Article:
On the pass-through side, Heroux said the Senate’s deduction concept is “frustratingly complex.”
“When we’re supposed to get simple, this is anything but simple,” he said. However, he said, this complexity may be necessary in the pass-through space and preferable to the simpler approach taken by the House, which he described as “ripe for abuse.”
Heroux said the House provision could result in gaming similar to that seen in Kansas when the state lowered its pass-through rate to zero percent. The change incentivized wage earners to form their own businesses and provide labor services to their current employers to lower their state tax bills.
Both the House and Senate proposals include provisions that would make it easier for S corporations to convert to C corporations so they could take advantage of the proposed 20 percent corporate tax rate.
But this provision doesn’t assuage the concerns of people who think the bills don’t go far enough to provide as many benefits to pass-throughs as C corporations are getting under the bills. “Neither the House nor the Senate bills live up to the promise of the 25-percent pass-through rate proposed in the Framework,” the S Corporation Association said Dec. 4 in a blog post on its website.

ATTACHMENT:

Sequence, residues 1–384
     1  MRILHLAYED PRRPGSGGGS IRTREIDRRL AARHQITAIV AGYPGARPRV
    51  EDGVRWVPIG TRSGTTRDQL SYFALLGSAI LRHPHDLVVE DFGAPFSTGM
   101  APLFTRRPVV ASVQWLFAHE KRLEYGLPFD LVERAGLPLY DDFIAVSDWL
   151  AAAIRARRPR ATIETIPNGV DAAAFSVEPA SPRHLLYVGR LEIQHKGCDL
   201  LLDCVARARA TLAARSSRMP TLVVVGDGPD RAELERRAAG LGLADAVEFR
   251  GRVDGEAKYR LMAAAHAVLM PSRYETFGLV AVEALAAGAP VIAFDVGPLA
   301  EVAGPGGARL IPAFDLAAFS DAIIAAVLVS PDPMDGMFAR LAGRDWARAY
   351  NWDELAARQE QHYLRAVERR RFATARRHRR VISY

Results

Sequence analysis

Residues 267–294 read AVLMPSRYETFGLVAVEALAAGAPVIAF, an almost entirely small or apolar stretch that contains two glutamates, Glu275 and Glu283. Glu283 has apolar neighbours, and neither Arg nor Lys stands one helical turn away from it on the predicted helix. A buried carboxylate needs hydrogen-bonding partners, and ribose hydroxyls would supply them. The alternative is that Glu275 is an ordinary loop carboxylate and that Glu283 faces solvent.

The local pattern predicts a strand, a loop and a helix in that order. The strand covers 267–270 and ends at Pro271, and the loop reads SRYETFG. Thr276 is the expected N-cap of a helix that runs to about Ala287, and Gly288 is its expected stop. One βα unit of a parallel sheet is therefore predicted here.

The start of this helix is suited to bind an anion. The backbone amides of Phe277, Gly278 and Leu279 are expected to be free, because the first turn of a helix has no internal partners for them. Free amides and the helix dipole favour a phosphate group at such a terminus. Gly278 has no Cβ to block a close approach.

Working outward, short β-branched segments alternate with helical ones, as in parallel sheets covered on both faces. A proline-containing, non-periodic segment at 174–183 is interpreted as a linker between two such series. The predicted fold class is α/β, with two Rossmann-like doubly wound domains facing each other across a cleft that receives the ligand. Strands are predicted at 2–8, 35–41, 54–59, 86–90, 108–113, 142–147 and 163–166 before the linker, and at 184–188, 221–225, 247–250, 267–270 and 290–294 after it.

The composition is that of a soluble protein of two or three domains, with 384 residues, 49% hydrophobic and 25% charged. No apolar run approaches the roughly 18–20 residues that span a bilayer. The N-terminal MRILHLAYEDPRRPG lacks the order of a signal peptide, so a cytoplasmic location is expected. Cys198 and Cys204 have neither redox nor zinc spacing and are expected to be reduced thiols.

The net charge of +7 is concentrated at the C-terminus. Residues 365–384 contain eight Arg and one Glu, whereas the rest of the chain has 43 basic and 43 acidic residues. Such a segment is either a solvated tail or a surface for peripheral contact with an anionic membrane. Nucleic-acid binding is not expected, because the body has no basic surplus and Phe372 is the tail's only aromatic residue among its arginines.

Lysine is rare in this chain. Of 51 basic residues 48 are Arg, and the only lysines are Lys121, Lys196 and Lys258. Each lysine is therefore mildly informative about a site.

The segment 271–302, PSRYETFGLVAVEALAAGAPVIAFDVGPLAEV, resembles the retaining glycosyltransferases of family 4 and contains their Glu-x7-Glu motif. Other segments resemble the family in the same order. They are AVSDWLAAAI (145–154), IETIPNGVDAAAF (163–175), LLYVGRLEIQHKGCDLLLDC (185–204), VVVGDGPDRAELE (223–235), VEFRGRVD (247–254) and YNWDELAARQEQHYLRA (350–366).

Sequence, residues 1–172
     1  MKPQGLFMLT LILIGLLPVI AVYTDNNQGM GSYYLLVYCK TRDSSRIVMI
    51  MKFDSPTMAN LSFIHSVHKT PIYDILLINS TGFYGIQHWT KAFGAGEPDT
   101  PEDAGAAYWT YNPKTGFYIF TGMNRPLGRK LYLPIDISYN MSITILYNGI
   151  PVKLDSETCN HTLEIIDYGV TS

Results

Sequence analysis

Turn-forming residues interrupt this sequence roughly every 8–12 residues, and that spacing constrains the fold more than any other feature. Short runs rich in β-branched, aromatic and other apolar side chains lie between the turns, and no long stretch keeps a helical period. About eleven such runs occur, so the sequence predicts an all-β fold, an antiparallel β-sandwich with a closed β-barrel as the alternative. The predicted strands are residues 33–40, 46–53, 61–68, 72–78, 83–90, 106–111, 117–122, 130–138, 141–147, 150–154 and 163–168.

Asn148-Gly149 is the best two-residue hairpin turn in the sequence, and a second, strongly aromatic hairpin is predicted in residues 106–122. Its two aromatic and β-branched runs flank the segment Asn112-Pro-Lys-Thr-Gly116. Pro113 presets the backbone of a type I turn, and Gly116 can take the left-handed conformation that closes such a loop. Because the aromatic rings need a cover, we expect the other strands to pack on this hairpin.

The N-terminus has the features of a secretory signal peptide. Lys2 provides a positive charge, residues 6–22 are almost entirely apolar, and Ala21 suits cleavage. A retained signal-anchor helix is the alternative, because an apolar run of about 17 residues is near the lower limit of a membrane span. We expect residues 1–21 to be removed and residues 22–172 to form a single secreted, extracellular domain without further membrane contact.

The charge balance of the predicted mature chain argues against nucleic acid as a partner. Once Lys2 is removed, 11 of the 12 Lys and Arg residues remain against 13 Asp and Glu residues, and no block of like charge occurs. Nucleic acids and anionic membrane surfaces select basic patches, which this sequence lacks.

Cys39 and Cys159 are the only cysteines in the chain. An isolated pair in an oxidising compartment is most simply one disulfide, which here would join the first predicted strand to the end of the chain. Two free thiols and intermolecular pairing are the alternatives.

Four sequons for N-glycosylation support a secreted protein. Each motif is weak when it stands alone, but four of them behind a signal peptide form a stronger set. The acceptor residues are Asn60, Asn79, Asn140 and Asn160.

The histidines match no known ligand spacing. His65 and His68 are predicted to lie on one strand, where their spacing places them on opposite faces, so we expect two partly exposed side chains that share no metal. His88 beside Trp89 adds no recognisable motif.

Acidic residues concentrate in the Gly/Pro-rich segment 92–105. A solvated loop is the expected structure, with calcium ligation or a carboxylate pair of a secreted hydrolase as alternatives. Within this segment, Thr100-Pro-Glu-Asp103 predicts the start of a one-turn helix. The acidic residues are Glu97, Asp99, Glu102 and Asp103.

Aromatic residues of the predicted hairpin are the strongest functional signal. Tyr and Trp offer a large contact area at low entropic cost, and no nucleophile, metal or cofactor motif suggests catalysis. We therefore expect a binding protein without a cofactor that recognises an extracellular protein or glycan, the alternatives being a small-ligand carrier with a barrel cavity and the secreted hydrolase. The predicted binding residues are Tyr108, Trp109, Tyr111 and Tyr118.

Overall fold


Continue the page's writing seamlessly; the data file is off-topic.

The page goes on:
In a separate blog post, the association said the idea that S corporations can simply convert to C corporations and get the lower 20 percent rate “ignores the reality of pass-through taxation.”
Because a newly converted company was recently an S corporation, all of its shareholders would likely be taxable, meaning the full double tax would still apply to them, the blog said.